The Mission is not anti-competition.
The Mission is not pro-competition, either.
The Mission Statement doesn't have to be game-set-match, no. But I do think it is an important philosophical starting point. If the motivations of our body fail to match PSI's Mission, then either our motivation or the Mission is a mistake.
Granted, maybe "game-set-match" is too strong a position, but I'd still like to hear someone rebut the remarks of Scott and Simone. I just don't understand how people can claim it's for the good of the audience attending Finals WITHOUT SUPPORTING EVIDENCE after only two years (rule change was adopted before Finals 2009).
I saw St. Paul in prelims once, in semis and finals this year. I would argue that they were the strongest team all week, but the best I had seen from them was in their first preliminary bout (also their most competitive bout), closely followed by semis (where they netted TWO 30s). They were the best on finals stage, but their work in prelims was that much stronger IN MY OPINION. Hopefully Matthew and his team don't take any offense to this, because as I told him stage-side, I feel his team not only earned, but deserved to win based on their body of work. Like Denver in 2006.
I haven't felt that happened as much in recent National Poetry Slams... but then again, the points aren't the point, right? Right?
I can see St. Paul's trajectory toward the championship being a macrocosm of every slam poet's: You bring what you feel is your best work and then you start writing to the judges' preference because you desire to win. When I got over that, I continued writing and learning more about myself, as many slam poems are entrenched in identity. And after a year on the bench as SM and host of my venue, I finally got to compete. By the time the grand slam rolled around, I made my team with two of my strongest pieces still in my ever-deeper pocket. And that's just after two years of slamming. And I'm a nobody on the national scene. St. Paul's poets have been killing it for years and, with respect to the other 67 teams, arguably made the week competition more of a coronation, their first prelim excepted. I see it as a result of years of work, not just one week of competition.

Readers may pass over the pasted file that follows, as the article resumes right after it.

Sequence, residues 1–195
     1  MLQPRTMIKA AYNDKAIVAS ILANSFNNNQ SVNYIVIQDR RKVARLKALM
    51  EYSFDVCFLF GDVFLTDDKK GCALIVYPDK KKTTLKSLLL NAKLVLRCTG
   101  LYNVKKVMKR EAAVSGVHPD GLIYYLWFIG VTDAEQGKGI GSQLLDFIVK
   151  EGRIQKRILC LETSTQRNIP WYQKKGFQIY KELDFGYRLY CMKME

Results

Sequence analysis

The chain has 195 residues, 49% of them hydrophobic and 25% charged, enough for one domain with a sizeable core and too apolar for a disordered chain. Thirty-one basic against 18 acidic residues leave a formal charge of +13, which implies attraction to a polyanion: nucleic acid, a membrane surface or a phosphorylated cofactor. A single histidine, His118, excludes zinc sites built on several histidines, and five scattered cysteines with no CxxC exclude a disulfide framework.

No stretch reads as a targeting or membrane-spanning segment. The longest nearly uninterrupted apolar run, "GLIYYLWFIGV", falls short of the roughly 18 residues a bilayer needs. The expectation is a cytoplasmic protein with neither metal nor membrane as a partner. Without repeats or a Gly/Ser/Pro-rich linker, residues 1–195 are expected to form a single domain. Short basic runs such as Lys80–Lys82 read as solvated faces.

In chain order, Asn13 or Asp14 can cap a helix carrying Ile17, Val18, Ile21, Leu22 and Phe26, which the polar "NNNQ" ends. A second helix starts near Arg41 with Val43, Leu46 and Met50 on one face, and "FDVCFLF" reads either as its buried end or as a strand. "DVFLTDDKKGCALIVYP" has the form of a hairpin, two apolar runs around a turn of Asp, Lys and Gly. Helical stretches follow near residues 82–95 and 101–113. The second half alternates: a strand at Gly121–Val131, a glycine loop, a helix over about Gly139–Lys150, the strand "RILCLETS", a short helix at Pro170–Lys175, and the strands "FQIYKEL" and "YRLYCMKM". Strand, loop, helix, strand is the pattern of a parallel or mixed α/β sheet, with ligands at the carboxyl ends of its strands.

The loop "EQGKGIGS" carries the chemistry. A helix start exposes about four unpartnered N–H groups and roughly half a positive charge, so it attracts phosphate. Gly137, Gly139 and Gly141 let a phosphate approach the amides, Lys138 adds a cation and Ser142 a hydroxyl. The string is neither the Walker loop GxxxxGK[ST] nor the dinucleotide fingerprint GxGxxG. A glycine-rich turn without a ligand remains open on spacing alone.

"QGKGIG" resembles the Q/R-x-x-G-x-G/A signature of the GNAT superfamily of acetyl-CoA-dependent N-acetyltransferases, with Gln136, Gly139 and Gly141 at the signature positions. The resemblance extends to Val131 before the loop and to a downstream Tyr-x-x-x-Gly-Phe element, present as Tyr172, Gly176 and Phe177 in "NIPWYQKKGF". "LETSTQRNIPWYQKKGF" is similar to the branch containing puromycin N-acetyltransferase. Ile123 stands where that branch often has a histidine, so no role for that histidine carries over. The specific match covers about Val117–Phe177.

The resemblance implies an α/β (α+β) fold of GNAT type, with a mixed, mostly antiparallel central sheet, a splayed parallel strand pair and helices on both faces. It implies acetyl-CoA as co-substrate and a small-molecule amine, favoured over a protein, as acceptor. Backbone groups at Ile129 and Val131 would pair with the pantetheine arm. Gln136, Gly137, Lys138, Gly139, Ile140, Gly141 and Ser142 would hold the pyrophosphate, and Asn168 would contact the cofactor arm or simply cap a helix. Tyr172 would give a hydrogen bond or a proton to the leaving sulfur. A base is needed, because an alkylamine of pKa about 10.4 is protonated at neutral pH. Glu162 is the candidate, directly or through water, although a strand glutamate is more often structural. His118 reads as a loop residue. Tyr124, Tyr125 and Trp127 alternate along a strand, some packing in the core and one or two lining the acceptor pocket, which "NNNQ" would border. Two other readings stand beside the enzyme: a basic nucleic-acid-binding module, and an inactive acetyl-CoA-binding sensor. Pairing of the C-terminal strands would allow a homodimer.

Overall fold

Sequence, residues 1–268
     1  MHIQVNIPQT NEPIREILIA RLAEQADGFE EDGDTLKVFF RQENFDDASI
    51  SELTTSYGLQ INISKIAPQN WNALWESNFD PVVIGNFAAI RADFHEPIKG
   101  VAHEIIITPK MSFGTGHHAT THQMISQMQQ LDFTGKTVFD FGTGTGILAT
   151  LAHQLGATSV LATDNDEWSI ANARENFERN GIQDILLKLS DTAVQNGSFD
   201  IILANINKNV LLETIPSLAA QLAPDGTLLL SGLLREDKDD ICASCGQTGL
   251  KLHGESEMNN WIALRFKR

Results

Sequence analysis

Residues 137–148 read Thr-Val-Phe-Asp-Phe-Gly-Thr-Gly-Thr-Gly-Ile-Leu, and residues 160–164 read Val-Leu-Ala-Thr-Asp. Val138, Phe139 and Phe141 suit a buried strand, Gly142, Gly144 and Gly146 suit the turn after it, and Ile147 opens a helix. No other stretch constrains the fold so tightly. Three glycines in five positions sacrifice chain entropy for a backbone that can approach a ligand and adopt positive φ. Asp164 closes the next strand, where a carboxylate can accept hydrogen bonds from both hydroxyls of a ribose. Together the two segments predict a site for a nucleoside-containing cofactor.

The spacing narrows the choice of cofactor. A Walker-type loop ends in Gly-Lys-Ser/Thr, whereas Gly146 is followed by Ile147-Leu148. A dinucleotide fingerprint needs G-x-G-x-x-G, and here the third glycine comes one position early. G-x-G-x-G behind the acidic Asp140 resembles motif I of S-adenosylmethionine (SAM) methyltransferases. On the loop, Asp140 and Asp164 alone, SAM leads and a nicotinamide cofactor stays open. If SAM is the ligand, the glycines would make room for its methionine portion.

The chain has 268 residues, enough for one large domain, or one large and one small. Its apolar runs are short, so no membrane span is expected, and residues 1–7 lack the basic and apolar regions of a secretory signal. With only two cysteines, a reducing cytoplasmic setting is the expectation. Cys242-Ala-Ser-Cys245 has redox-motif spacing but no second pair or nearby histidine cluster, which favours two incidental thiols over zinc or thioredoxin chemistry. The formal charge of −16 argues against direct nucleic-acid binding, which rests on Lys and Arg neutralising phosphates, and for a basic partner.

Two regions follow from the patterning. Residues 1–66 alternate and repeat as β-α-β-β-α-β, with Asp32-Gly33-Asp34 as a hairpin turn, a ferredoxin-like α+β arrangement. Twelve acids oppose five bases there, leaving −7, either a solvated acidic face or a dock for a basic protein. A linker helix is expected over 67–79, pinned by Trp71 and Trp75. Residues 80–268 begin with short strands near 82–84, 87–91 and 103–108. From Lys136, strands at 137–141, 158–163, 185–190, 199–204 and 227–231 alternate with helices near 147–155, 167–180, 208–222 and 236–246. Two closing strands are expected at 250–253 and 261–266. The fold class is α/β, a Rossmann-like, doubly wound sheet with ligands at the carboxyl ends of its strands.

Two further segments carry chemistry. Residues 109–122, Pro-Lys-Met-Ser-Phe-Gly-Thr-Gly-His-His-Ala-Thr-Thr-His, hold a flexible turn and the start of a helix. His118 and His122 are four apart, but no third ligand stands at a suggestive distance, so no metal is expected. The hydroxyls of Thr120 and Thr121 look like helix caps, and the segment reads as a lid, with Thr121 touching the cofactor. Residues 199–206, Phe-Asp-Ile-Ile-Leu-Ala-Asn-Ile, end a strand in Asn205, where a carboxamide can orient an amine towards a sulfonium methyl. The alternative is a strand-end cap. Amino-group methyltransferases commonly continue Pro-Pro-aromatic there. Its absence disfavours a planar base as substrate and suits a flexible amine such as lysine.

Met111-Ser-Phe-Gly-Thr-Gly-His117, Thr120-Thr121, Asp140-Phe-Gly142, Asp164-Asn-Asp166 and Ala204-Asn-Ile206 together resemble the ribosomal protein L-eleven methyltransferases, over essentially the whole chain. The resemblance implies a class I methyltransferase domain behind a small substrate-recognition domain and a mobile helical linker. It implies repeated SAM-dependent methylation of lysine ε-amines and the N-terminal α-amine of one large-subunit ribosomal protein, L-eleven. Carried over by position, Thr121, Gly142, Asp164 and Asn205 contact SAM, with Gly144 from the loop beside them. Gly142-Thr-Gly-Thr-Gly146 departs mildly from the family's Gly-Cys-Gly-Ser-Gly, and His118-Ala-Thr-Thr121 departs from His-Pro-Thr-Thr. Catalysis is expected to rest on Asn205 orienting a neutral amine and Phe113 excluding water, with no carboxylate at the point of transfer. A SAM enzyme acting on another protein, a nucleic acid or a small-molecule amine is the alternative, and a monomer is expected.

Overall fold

Any working poet writes two or three indisputably great poems a year. If they slip and slide like I did these past two years, that number drops to one or two. If they don't write, they shouldn't be competing at NPS. I consider myself on the prolific side and do not hold poets to my quantity standard (and again, I'm a nobody). But if we're going to have iWPS, WOWPS and NPS, plus regionals and local slams, how can anyone argue against continuing to write, edit, rehearse and perform new work?
This is why I'm for no-repeat. Yes, let the poets use their current/recent/whatever poems throughout an iWPS/WOWPS/NPS cycle, which means I could understand hearing a poet doing the same solo piece at all three PSi events in a (few) given year(s), but please don't tell me someone who writes to such a high standard cannot produce enough work to get through a tournament.
In September, the tennis U.S. Open begins. To win the tournament, you have to win seven (7!) matches. Andy Roddick cannot beat Roger Federer. Suppose Roddick makes it to the finals against Federer. Do you think it would be fair for him to say, 'Hey, remember how I trounced that dude in the second round? I'd like to apply that performance to the finals. Now give me the trophy. Thank you.' Tiger Woods was defeated in the (fourth and) final round of the PGA Championship last week because he missed a bunch of putts. What if he could recall his first-round performance and be declared the winner?
In poetry slam, we rarely have to contend with weather (although this year, Austin Neo Soul did a bang-up job by not missing a beat when the lights went out at 10@2 during their heart-wrenching group piece about Army wives - I'm still in awe), but we do have four rounds of competition. Asking teams to prepare for three (or 3 1/2) rounds instead of all four is like putting training wheels on Lance Armstrong's bike. Why?
Sorry for all the sports analogies.